New York’s early punk scene had a different vibe than London’s chaos, less flamboyant than the Sex Pistols, but still as iconic were their New York contemporaries, the Ramones. You can’t imagine the Ramones without their leather jackets. Their leather jackets gave them a uniform and identity—the jackets made them look like a gang.
Growing up, my leather jacket was not only my armor but, like the Ramones, was part of my identity. I can’t imagine myself without a leather jacket. To this day, I still wear a leather jacket that is distinctly mine and iconic to all who know me. It is broken in; supple to the touch, and perfectly form-fitting. It is sexy but tough and completes any outfit I wear.
I love biker gear. I have a penchant for motorcycle boots and I often pair these with leather miniskirts or pants. And yes, I started wearing the boots and jacket before I mounted my first motorcycle. The underground has always drawn me in first through fashion but then deeper as the alternative lifestyle enveloped me in an alternate universe.
I credit the punk scene mixed with the Lower East Side's still radical culture for influencing me to have a more open mind regarding sexual practices.
This eventually removed the stigma impressed on me by society regarding sex work and enabled me to explore this career with less shame and more pride. My path to becoming the dominatrix kink provider I am today would not have been possible without my immersion in punk.
I am a strong woman and being in a community that supports strong women encouraged this. And to bring it back to fashion, I must say, leather enhances this strength. My power comes from within but leather is a perfect showcase. Being born a sensualist and always obsessed with the way things feel against my skin, leather has been a favorite. I prefer soft leathers that still have weight when worn. I like to be able to easily move in my leathers, even if that privilege has to be earned by breaking them in. I’ve always been drawn to materials that feel supersensual or beyond the range of the senses. Leather for me is spiritual and very much tied into my identity.
I do not only prefer to wear leather but I favor leather instruments. My personal leather tools, such as my flogger, whip, and crop hold energy within them and have a spirit of their own. My leather objects are sacred to me-- I treat my leather jacket and my kink instruments with the utmost care. They are the holders of intense memories and carry the impact of the moments. I was wearing my iconic leather jacket when I was hit on my motorcycle this past summer. It bears the scars of the accident with a road burn all over its left sleeve. That second skin saved my arm. It also holds a memory.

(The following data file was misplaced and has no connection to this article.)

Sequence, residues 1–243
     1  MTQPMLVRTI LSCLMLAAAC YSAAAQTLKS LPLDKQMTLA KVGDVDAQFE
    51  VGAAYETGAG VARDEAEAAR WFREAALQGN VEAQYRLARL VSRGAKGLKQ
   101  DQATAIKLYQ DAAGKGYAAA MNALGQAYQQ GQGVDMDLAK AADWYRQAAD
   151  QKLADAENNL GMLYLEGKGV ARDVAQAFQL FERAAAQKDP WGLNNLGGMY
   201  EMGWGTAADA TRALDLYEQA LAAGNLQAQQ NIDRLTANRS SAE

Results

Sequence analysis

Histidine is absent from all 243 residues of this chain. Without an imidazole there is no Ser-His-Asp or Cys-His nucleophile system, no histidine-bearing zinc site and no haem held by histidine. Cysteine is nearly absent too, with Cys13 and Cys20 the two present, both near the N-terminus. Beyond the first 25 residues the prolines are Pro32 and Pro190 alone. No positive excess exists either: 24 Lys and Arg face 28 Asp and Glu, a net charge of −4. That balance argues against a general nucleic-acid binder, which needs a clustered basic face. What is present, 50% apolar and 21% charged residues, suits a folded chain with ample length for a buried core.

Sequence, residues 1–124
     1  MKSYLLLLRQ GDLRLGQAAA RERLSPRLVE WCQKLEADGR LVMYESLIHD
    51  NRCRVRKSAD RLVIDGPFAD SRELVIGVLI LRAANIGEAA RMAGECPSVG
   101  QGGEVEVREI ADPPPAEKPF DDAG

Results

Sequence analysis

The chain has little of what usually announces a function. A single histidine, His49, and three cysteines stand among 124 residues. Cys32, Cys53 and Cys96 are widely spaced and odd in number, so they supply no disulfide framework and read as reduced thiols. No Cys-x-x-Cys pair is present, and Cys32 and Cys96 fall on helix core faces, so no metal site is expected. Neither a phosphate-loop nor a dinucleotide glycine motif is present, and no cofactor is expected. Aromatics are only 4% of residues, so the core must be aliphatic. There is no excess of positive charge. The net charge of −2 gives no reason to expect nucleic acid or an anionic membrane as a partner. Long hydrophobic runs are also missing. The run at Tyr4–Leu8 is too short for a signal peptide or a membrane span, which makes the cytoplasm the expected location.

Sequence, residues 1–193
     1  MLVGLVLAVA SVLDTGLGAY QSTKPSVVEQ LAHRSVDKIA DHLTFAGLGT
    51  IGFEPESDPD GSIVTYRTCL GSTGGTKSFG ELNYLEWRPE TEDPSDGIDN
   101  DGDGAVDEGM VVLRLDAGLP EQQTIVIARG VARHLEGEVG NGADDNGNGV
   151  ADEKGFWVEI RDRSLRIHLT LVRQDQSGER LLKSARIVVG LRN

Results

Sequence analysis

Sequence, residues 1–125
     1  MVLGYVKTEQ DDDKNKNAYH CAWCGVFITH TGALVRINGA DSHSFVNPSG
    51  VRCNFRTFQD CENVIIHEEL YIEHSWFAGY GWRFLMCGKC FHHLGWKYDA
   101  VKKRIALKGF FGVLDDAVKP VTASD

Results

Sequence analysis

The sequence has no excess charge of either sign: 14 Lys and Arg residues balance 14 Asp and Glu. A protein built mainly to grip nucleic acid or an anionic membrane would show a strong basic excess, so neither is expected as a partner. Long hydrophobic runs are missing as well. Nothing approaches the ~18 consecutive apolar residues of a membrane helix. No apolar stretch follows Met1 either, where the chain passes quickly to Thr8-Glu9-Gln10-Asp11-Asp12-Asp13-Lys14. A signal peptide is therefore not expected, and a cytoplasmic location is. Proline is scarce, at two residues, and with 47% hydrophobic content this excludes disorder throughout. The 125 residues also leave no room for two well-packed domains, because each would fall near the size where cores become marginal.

I feel sexy with leather as my second skin just as I feel sexy with my whip as an extension of my arm, a part of me. Leather is strong but sexy, tough but soft--sound like someone you know? Not all my leather rituals involve pain, or even submission, but they always involve me being worshiped and reveling in my power.
I recently discovered leather underwear that met my high standard for quality, softness, and aesthetics. Here are some photos of a favorite leather dress paired perfectly with vintage Agent Provocateur leather gloves. AP used to be a bit more edgy when they first started but still include items to this this day that nod to kink such as designer bondage gear and the like. They are definitely one of my favorite lingerie brands due to this. Also, it’s a little known fact that Vivienne Westwood’s son started Agent Provocateur—but now you know.
It all comes full circle, doesn’t it? From punk to your favorite provider’s racy knickers…it all has roots in BDSM.